Note: This is advanced code and is shown here for reference purposes. You do not need to try to understand it right now.

## Creating a generic function for 'toJSON' from package 'jsonlite' in package 'googleVis'
## Welcome to googleVis version 0.6.2
## Please read Google's Terms of Use
## before you start using the package:
## Note, the plot method of googleVis will by default use
## the standard browser to display its output.
## See the googleVis package vignettes for more details,
## or visit
## To suppress this message use:
## suppressPackageStartupMessages(library(googleVis))
# set googleVis options to change the behaviour of plot.gvis, 
# so that only the chart component of the HTML file is written into the # output file.
op <- options(gvis.plot.tag='chart')

# Read table from html
url <- ""
#x <- readHTMLTable(readLines(url), which=3, stringsAsFactors = FALSE)
page <- GET(url, user_agent("httr"))
x <- readHTMLTable(text_content(page), which=3, stringsAsFactors = FALSE)
## text_content() deprecated. Use content(x, as = 'text')
# Clean up df 
colnames (x) <- c('country', 'oldest', 'number', 'area_tot', 'country_percentage')
x$oldest <- as.numeric(x$oldest)
x$number <- as.numeric(gsub("\\*", "", x$number))
x$area_tot <- as.numeric(gsub("(,)|(\\[.*\\])", "", x$area_tot))
x$country_percentage <- as.numeric(gsub("(%)|(\\[.*\\])", "", x$country_percentage))

nationalParks <- x

g <- gvisGeoChart(nationalParks, locationvar="country", colorvar = "oldest", sizevar = "number",
                  options=list(region="150", displayMode="markers", colorAxis="{colors: ['green', 'blue']}"))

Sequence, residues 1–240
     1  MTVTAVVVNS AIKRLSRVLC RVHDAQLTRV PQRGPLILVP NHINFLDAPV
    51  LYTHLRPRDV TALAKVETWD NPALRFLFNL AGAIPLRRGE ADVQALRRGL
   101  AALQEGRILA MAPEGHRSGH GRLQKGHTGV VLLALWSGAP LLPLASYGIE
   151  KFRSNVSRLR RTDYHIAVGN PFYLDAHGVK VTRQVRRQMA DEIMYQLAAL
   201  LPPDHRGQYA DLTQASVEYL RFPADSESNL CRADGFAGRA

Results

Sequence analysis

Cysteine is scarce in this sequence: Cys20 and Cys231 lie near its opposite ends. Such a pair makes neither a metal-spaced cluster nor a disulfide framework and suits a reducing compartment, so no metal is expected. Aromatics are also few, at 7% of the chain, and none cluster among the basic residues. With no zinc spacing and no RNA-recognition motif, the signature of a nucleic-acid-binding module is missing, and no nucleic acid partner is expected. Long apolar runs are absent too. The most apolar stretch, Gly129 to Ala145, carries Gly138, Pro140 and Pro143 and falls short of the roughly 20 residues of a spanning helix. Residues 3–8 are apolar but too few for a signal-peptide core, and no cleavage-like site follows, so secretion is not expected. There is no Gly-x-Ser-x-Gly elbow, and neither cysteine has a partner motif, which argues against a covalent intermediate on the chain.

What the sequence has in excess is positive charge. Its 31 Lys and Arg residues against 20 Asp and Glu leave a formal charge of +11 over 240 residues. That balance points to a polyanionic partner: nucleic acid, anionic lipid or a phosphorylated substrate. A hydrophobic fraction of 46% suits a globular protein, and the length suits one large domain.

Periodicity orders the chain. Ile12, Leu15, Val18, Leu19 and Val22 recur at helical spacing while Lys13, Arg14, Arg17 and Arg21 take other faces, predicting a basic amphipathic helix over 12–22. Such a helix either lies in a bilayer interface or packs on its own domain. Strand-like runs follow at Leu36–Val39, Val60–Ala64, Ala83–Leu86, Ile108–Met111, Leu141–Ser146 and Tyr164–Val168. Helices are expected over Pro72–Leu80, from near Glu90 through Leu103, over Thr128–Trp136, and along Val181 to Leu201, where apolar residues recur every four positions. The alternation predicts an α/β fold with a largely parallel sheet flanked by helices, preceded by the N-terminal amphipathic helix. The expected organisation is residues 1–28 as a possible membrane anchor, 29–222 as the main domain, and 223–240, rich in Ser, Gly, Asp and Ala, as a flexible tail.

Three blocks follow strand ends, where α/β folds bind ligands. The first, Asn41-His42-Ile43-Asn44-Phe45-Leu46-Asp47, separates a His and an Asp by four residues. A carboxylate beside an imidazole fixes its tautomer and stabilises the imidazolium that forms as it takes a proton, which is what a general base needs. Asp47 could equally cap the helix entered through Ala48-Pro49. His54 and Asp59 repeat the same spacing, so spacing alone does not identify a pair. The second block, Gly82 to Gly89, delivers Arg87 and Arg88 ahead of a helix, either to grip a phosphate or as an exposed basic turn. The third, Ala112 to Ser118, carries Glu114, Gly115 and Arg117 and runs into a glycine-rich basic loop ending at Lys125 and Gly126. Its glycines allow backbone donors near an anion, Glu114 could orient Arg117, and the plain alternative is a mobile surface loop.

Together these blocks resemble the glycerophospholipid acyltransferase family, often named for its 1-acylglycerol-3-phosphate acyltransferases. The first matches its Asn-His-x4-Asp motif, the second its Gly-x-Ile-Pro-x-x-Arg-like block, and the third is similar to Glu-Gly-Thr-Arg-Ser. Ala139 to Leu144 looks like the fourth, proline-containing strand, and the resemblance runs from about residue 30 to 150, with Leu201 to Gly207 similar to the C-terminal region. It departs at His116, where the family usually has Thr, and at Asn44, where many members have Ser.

Demo 3: Interactive maps

The above map is nice, but still pretty static; it only displays two variables, which we did not choose. The year the first park was created for the dot color, and the total number of parks in the country for the dot size. To make that map a bit more interactive we can embed it in a shiny App. Shiny is among the latest developments of the R world, supported by RStudio; it provides the possibility to create interactive plots. This app can either be run in an RStudio session or online.

Advanced examples are possible, as shown below, with an integration of shiny and leaflet. (Example provided by RStudio)

Contribution of scripting

  • "User friendly" interface to JavaScript libraries.

Basic scipting skills required

  • Dataframe manipulation.
  • String manipulation (subsetting, pattern matching).
  • Function writing.


All examples shown in this demo have at least one characteristic in common; they are all reproducible. While you may not always remember the parameters you have selected when analyzing or creating map in a GIS environment, scripting leaves a fully reproducible mark of what you have done.

Today's summary

To summarize, we learned today that scripting can be used for many purposes:

  • Automate steps and deal with large amounts of data.
  • Solve complex problems (run custom made functions, while traditional GIS environments are limited to the features they provide).
  • Make work reproducible (also beneficial for collaboration).
  • Visualize data and build interactive geo-data visualization tools.

Lesson 02 Assignment

Submit a max 1/2 page document via Blackboard as text (just paste the text in the available box).

In the description you identify (per team) the idea for which you plan to use GeoScripting.


  • The potential contribution of Geo-scripting for yourself.
  • The specific R or Python knowledge you would need to learn about.
  • Describe the data you would like to use (is the data available?)

Keep it short, to the point and structured (e.g. a list of items are OK, no full sentences are needed).

The deadline for the exercise is today before 17.15 PM. Feedback has to be provided to at least one other team on their assignment before tomorrow 11AM.

Inspiration and more info